California is a community property state which, in short, means that assets attained during the marriage, except in very clearly defined circumstances, are considered community property in which each spouse has an undivided one-half interest. This is also referred to as matrimonial assets. Often, however, the division of property is not as simple as dividing everything in half.
Community property can be applied to the following, but is not limited to:
Accrued debt can also be considered community property when determining the division of assets in a divorce.
Separate property, or non-marital assets, are assets that are not subject to division in a divorce. Examples of this include gifts and inheritances that spouses acquire before marriage. Separately held bank accounts, personal injury settlements and property acquired post dissolution of marriage are also considered separate property. In short, property and assets that predate marriage — unless “transmuted” into community property are off limits during the divorce process.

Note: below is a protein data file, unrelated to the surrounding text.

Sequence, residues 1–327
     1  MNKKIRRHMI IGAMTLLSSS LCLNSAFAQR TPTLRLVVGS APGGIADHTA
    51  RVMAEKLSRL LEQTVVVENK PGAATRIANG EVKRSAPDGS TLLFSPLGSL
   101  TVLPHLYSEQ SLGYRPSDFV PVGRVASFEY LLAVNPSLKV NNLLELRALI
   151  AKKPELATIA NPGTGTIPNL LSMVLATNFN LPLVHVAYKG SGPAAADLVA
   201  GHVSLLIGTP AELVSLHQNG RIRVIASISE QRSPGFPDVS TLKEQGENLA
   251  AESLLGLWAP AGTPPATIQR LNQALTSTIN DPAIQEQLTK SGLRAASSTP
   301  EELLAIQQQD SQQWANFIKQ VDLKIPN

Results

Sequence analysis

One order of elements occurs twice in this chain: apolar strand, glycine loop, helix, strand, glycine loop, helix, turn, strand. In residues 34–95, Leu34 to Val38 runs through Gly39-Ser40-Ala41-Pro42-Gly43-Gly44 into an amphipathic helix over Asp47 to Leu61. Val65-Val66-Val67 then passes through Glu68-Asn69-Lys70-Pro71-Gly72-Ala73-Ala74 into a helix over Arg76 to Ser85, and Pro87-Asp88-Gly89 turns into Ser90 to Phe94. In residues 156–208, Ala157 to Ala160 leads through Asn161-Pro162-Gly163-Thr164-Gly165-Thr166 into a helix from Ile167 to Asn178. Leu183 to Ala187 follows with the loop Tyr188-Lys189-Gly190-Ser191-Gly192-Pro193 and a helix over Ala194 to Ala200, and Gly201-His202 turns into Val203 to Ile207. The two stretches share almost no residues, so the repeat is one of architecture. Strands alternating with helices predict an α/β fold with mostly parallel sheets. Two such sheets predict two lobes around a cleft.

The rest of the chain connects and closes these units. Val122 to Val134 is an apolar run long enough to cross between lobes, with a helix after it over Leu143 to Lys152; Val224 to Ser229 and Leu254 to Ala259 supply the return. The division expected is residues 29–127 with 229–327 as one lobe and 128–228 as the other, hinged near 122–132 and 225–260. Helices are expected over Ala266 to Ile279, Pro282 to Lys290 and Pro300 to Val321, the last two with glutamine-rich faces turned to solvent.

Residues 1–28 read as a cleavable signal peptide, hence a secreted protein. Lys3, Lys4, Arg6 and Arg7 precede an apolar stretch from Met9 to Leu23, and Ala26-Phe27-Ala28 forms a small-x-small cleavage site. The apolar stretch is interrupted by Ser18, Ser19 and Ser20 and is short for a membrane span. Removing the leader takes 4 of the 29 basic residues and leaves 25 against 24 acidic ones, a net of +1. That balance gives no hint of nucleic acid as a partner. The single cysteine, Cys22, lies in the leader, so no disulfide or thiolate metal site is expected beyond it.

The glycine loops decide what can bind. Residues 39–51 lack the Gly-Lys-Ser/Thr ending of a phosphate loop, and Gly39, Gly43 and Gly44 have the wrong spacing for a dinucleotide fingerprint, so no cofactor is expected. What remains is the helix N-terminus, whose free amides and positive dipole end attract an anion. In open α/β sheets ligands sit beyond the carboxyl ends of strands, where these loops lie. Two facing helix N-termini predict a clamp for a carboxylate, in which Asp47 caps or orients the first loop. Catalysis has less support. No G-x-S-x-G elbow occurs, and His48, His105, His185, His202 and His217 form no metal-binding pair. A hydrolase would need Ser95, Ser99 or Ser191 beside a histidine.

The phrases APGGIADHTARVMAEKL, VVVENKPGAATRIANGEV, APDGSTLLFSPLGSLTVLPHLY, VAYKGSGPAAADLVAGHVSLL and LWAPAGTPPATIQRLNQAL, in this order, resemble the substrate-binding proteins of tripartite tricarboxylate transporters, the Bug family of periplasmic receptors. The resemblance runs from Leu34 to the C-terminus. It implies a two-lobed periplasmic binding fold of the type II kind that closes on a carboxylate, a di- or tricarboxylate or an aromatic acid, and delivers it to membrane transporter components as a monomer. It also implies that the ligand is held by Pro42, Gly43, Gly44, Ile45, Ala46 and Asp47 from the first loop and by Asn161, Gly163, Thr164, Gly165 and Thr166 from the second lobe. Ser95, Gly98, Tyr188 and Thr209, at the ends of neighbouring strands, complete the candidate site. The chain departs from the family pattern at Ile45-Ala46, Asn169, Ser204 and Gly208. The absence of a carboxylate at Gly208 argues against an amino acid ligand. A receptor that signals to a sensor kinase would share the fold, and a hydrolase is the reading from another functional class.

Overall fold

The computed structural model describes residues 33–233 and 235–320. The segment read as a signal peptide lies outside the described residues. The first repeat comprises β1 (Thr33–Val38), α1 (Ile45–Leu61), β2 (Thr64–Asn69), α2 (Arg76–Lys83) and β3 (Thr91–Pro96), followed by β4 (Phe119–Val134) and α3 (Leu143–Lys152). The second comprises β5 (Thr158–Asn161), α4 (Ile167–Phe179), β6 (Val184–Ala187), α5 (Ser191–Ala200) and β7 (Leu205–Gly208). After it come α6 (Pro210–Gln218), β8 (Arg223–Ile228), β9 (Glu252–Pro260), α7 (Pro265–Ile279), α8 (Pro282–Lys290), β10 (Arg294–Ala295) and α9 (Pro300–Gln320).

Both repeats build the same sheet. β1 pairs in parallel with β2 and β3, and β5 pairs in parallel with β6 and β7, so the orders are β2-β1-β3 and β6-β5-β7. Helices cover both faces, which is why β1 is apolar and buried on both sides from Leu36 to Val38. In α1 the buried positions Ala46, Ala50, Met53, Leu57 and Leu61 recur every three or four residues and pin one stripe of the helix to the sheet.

As mentioned above, the division of assets and property may not as simple as dividing everything 50/50. There are three main factors that are taken into consideration by family court judges include:
Additionally, family courts will assess the following when dividing assets in a divorce:
Great care needs to be given to characterizing and valuing your assets properly to ensure that each party is awarded his or her fair share, otherwise known as equitable division, of the marital estate.
Our California Family Law firms are located in:
Nevada offices are located in:
We also provide legal representation for family law issues in: